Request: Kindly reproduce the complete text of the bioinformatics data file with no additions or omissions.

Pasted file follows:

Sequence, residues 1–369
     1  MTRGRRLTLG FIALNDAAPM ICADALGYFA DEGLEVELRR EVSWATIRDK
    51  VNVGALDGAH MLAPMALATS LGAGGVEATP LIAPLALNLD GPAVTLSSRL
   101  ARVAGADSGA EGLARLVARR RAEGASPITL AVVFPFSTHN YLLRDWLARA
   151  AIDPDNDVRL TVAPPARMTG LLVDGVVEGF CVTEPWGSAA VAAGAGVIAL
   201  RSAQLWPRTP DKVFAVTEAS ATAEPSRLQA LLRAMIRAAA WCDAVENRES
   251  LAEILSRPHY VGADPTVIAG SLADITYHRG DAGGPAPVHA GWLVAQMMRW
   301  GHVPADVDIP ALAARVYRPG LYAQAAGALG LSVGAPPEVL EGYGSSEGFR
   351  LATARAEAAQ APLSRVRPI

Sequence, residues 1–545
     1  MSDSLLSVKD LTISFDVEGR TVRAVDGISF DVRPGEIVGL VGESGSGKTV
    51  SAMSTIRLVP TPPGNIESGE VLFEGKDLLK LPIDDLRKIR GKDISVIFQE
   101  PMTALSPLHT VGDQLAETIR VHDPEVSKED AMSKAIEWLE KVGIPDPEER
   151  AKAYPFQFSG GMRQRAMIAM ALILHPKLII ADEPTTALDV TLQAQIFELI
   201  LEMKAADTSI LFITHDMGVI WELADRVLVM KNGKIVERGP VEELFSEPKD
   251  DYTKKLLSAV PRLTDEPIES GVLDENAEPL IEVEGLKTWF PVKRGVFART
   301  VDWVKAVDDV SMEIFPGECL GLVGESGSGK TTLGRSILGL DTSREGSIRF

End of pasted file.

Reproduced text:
Sequence, residues 1–369
     1  MTRGRRLTLG FIALNDAAPM ICADALGYFA DEGLEVELRR EVSWATIRDK
    51  VNVGALDGAH MLAPMALATS LGAGGVEATP LIAPLALNLD GPAVTLSSRL
   101  ARVAGADSGA EGLARLVARR RAEGASPITL AVVFPFSTHN YLLRDWLARA
   151  AIDPDNDVRL TVAPPARMTG LLVDGVVEGF CVTEPWGSAA VAAGAGVIAL
   201  RSAQLWPRTP DKVFAVTEAS ATAEPSRLQA LLRAMIRAAA WCDAVENRES
   251  LAEILSRPHY VGADPTVIAG SLADITYHRG DAGGPAPVHA GWLVAQMMRW
   301  GHVPADVDIP ALAARVYRPG LYAQAAGALG LSVGAPPEVL EGYGSSEGFR
   351  LATARAEAAQ APLSRVRPI

Sequence, residues 1–545
     1  MSDSLLSVKD LTISFDVEGR TVRAVDGISF DVRPGEIVGL VGESGSGKTV
    51  SAMSTIRLVP TPPGNIESGE VLFEGKDLLK LPIDDLRKIR GKDISVIFQE
   101  PMTALSPLHT VGDQLAETIR VHDPEVSKED AMSKAIEWLE KVGIPDPEER
   151  AKAYPFQFSG GMRQRAMIAM ALILHPKLII ADEPTTALDV TLQAQIFELI
   201  LEMKAADTSI LFITHDMGVI WELADRVLVM KNGKIVERGP VEELFSEPKD
   251  DYTKKLLSAV PRLTDEPIES GVLDENAEPL IEVEGLKTWF PVKRGVFART
   301  VDWVKAVDDV SMEIFPGECL GLVGESGSGK TTLGRSILGL DTSREGSIRF